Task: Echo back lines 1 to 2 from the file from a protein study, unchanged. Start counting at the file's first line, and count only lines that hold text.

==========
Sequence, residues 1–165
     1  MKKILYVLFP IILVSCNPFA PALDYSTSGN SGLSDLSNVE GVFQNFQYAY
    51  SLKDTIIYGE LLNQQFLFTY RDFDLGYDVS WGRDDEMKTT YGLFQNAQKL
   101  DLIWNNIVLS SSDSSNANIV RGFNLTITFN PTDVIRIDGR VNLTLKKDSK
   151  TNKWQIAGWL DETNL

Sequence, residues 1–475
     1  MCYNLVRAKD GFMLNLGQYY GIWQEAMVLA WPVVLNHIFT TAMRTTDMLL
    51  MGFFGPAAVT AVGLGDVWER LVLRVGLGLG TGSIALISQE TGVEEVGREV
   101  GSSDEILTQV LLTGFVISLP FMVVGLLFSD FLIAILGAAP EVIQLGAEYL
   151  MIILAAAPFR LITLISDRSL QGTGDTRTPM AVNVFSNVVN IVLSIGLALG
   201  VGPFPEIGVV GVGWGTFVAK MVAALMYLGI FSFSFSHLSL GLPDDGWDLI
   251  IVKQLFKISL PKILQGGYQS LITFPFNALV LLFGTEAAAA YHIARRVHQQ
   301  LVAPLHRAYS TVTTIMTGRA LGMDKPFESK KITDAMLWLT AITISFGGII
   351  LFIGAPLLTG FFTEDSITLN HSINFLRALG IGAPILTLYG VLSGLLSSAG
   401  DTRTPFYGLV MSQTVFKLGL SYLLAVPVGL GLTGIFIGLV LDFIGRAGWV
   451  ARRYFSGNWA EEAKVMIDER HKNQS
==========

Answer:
Sequence, residues 1–165
     1  MKKILYVLFP IILVSCNPFA PALDYSTSGN SGLSDLSNVE GVFQNFQYAY